Rutherford County’s Steering Committee will recommend forming a study committee for the purpose of examining Road Board and School Board zones to the County Commission.
If approved as is, the committee will consist of nine members including one Road Board and School Board member, a county commissioner, four citizens at-large – one from each municipality – and two citizens residing in unincorporated areas of Rutherford County.
The committee will be responsible for examining alternative scenarios to current Road Board and School Board zones, which resulted from redistricting that took effect Jan. 1.
Redistricting is required by both federal and state law every 10 years after the U.S. Census is taken to ensure populations are properly represented under the concept one man, one vote.
Commissioner Rhonda Allen (Dist.11) initially voiced concerns about how the process would affect Road Board and School Board zones late last year when the County Commission approved the new district map. She argued the Redistricting Committee needed to take some time to examine both zones before making a decision on the map, however the commission disagreed at the time.
La Vergne currently has three School Board members, however some citizens fear because those members now represent nine districts in the county, their influence could be watered down.
Allen has vowed to keep the conversation alive for those citizens who are concerned.
After the Steering Committee postponed taking a vote for the formation of a study committee last month, Allen almost faced another snag when Commissioner Gary Farley insisted Election Administrator Nicole Lester be part of the committee.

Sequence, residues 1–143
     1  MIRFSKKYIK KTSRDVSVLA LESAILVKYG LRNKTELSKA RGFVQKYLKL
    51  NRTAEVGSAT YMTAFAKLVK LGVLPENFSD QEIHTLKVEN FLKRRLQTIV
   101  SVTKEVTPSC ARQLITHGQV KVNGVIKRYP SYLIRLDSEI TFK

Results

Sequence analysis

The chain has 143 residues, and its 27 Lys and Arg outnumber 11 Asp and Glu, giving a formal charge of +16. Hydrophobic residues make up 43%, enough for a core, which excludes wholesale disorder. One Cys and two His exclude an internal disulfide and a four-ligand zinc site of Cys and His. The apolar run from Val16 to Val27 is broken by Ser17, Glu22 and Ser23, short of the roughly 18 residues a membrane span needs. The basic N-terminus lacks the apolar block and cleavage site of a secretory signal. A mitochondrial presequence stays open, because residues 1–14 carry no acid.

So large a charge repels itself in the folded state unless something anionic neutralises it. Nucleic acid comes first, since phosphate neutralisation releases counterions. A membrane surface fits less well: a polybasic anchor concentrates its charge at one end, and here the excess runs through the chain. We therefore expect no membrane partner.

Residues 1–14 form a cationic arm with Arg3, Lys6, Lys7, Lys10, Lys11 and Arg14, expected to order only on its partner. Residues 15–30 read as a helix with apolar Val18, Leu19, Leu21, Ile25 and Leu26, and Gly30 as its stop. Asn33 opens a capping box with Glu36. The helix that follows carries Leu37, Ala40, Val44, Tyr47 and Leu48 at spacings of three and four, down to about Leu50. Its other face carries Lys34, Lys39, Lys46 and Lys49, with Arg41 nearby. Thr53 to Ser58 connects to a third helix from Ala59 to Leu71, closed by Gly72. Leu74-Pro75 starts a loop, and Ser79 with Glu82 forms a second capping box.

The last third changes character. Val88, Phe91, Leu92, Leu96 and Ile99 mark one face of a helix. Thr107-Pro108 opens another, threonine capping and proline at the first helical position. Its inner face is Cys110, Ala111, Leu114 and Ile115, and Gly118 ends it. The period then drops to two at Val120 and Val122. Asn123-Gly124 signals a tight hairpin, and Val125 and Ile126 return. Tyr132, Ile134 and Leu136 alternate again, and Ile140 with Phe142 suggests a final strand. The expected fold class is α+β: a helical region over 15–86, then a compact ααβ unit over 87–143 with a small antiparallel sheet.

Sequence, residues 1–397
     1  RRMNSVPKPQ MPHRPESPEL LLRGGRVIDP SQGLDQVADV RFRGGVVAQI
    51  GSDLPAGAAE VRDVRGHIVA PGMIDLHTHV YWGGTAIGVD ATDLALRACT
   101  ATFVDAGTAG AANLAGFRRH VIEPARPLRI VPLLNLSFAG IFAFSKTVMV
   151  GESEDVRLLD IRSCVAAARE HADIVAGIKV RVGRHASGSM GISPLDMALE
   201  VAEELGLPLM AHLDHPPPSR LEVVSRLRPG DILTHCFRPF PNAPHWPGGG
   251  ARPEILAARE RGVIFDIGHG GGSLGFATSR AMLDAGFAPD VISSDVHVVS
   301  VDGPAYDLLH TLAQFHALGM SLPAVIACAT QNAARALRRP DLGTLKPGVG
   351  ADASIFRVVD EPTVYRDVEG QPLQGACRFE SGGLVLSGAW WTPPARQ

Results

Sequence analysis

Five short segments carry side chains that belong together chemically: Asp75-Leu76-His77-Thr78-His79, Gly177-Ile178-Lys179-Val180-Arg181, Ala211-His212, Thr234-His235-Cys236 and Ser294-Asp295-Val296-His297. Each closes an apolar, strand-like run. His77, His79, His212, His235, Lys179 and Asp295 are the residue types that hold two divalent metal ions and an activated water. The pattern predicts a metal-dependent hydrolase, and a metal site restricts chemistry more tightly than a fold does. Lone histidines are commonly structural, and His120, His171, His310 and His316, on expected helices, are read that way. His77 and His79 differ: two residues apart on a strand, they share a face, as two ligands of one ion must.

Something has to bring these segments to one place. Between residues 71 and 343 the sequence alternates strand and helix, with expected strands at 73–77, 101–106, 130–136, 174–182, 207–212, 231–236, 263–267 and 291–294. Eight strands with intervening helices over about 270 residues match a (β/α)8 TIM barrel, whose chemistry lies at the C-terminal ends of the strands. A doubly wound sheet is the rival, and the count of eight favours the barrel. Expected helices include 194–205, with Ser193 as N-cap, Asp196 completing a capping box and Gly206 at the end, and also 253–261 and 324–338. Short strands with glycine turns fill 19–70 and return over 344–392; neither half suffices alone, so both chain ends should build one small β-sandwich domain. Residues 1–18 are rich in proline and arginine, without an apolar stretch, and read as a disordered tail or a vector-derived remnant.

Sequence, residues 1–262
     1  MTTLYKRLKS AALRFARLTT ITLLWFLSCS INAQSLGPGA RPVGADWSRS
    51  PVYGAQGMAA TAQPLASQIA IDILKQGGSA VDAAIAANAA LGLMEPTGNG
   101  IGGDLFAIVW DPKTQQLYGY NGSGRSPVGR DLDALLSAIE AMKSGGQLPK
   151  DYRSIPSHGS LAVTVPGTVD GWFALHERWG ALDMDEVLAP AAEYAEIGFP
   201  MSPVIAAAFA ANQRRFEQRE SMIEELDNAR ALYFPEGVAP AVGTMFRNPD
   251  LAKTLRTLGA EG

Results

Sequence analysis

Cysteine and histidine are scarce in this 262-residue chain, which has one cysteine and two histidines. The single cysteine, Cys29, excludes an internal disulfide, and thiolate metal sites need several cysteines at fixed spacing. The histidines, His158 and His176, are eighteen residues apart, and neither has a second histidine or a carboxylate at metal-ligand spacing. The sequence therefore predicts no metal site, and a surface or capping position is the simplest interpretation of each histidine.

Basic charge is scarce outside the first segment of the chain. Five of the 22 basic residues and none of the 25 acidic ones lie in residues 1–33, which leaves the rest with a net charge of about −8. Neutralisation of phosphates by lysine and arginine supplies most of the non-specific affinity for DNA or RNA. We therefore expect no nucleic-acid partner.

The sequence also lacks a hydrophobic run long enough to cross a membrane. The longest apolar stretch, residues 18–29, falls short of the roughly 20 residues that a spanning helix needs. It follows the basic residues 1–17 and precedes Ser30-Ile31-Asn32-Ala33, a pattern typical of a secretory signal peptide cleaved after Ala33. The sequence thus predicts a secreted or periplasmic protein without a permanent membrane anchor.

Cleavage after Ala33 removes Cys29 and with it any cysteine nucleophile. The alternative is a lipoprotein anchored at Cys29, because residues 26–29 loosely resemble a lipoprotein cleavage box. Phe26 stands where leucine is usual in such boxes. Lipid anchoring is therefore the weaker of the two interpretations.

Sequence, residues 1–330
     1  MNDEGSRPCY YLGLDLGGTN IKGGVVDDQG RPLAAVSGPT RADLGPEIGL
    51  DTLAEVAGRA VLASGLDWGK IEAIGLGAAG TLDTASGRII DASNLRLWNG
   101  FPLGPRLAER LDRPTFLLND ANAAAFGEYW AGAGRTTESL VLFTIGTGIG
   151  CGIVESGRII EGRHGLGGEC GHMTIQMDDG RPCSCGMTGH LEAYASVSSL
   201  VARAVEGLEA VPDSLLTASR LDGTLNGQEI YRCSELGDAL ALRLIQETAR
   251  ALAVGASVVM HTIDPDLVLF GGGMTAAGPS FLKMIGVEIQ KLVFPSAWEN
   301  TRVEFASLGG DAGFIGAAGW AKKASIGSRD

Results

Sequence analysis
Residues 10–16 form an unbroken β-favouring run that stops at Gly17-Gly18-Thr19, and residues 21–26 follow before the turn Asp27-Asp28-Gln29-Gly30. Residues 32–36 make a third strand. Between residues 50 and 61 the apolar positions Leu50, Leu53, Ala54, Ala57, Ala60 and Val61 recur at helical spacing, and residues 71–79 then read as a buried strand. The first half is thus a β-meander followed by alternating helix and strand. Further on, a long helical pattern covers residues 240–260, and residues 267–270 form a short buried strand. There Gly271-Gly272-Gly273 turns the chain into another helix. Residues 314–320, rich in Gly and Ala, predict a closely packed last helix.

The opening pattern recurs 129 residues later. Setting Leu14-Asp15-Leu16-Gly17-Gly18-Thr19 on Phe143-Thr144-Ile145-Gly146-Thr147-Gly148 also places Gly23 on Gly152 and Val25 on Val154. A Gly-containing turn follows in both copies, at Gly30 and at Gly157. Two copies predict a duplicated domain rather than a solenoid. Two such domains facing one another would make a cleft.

Lester expressed in an e-mail exchange with Allen she would not be available to serve on a committee, however would offer any help that she could.
“My concern tonight is your e-mail from Nicole. With her being busy, she’s not even going to be able to do it right now. With her being the election administrator, it’s vital that she’s involved in this as the head of that department over there,” Farley said.
“Are you saying the committee doesn’t exist without her or it would exist at her discretion,” Allen asked.
The Steering Committee agreed Lester would need to be up-to-date on what is happening within the committee and would serve an advisory role.
The recommendation will go to the County Commission for final approval.
Social Media Policy
Rutherford County’s social media policy was re-examined Monday after being rejected by the County Commission because of confusing language.
The social media policy is an effort to ensure employees of Rutherford County are portraying a positive online image of the community while at work.
It failed to pass the County Commission because confusing language suggested the county would be monitoring any social media sites employees were visiting even if they were at home, Human Resources Director Sonya Stephenson explained.
“What we’ve drilled down into is if you are at work using county resources ... that we maintain some guidelines for that,” she said.
Commissioner Robert Stevens (Dist. 12), who is also a local attorney said he was much happier with the new language.
“I was much more pleased with this draft than the first one,” he said. “The first one had a lot of vague things and this one is much more defined.”
Stephenson explained new wording in the document clarifies its intent to treat county websites as an extension of government, which provides information to citizens and should not be used as a means to perpetuate personal ideas by employees.
Local governments have a right to restrict speech when acting as an employer, however to prohibit speech made on an employee’s own time or personal property would be walking a dangerous line with First Amendment Rights.
Stephenson made clear the manpower and resources to monitor personal conduct by employees is not feasible or desired by Rutherford County.
“I do believe we’ve gotten it down to a manageable policy,” Stephenson said.
The County Commission will consider the policy again at its April 12 meeting.